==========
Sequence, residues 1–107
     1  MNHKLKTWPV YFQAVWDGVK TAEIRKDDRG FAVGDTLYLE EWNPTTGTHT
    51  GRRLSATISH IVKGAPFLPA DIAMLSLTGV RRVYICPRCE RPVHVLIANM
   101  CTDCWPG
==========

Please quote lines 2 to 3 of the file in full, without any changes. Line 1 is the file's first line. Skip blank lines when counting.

     1  MNHKLKTWPV YFQAVWDGVK TAEIRKDDRG FAVGDTLYLE EWNPTTGTHT
    51  GRRLSATISH IVKGAPFLPA DIAMLSLTGV RRVYICPRCE RPVHVLIANM